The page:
Sunday, May 22, 2005


Heresy Makes A Comeback

Let's say for a moment that the biblical literalists, aided of course by their intelligent design general staff, succeed in breaking down the wall between science and religion, and the separation between church and state.

What will our public schools look like afterward?

We don't need a crystal ball to find the answer to that question. We don't even have to guess. All we have to do is look at what happens to teachers who don't toe a strict biblical literalist line at religious colleges and universities. At those institutions, there's no such thing as academic freedom.

The Huntington College Board of Trustees, for example, recently fired John Sanders, a popular religion and philosophy professor for teaching "Open Theism." Huntington College, which is affiliated with the United Brethren in Christ, rejects "Open Theism" -- the notion that human beings have freewill and that God knows what has happened in the past, but does not know what will happen in the future.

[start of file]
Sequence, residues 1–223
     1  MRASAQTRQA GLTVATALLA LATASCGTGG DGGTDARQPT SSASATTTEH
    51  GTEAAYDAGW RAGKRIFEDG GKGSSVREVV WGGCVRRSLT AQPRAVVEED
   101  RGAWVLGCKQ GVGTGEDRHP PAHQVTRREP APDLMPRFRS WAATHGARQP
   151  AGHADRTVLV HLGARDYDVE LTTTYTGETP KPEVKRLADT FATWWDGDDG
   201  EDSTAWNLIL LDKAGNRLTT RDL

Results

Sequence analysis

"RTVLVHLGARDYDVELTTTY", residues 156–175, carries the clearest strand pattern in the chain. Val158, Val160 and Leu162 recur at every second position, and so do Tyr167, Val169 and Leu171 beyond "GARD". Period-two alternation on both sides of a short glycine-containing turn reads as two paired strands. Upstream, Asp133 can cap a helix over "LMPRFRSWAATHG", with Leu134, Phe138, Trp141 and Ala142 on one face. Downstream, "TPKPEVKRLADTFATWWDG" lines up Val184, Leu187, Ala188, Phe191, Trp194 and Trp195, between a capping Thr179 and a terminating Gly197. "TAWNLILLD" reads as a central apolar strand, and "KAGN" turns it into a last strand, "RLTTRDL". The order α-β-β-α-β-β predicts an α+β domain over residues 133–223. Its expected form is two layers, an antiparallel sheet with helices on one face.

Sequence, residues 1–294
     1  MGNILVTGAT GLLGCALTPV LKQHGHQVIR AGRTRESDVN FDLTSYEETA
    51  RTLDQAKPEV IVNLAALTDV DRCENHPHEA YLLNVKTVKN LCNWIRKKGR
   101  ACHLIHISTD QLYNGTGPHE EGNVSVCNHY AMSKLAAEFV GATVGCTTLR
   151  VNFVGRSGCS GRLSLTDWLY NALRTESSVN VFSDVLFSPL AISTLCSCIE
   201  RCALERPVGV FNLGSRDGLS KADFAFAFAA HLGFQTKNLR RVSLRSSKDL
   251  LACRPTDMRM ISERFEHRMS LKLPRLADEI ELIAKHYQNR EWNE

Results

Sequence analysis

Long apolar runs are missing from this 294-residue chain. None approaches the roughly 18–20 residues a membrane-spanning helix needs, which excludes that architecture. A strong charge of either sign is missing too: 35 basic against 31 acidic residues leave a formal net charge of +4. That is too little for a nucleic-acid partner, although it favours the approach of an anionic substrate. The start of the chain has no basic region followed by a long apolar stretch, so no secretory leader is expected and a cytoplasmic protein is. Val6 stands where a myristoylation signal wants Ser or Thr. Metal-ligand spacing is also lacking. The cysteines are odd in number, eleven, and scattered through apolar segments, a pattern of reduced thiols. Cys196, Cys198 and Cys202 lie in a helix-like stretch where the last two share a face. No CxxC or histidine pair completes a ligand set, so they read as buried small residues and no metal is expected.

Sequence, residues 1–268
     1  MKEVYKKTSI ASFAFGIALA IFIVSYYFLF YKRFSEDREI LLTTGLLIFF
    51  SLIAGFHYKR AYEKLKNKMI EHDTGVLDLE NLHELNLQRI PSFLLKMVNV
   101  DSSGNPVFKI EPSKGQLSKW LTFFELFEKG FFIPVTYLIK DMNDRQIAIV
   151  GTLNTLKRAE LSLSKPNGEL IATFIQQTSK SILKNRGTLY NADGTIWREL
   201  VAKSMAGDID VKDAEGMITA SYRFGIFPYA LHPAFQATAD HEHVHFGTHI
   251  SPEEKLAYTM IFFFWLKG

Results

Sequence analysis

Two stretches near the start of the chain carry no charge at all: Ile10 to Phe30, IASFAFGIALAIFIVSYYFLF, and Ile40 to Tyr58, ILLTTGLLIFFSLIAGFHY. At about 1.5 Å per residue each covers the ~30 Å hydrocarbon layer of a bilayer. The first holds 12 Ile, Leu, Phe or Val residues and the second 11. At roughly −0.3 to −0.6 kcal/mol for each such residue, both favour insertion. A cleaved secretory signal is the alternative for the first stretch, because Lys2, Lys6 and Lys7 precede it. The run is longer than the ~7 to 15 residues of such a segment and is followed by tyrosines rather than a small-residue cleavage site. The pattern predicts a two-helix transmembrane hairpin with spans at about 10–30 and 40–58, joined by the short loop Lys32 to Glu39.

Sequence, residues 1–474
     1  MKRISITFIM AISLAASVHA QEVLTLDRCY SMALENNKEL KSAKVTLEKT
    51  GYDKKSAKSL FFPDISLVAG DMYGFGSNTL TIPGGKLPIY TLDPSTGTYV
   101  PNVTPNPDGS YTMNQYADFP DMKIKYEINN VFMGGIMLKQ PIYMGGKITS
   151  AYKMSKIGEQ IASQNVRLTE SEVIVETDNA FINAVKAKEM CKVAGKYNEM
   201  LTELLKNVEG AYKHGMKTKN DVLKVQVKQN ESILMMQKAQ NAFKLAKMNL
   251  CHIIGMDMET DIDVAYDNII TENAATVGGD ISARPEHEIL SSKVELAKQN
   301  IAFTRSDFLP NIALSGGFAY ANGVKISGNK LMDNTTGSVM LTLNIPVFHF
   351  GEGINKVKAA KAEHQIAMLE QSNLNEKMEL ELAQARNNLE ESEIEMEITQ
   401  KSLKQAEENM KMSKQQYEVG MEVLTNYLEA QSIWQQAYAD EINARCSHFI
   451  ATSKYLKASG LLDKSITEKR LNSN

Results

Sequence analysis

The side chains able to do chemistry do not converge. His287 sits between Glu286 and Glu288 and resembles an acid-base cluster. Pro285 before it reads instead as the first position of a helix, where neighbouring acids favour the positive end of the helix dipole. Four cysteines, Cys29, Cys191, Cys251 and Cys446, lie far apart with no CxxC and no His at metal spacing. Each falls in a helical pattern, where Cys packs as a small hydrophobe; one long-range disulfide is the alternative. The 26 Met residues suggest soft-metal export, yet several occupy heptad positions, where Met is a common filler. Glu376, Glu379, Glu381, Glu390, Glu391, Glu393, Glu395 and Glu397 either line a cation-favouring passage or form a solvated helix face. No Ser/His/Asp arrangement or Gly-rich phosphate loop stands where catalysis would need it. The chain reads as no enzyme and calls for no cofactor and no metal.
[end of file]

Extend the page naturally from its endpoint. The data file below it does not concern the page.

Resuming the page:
Likewise Richard Colling, the chairman of the biology department at Olivet Nazarene University, is under attack for writing The Random Designer, a book in which he says evolution has stood the test of time and considerable scrutiny.

Anthony J. Diekema, the former president of Calvin College, has no problem with that. If you hire someone to promote Coca Cola, says Diekema, and they plug Pepsi, they won't be drawing a paycheck from Coke for very long.

In their own schools, fundamentalists dispense with all the "teach the controversy" nonsense they preach to the rest of us, and they will do the same thing in public schools if we are foolish enough to allow them to.


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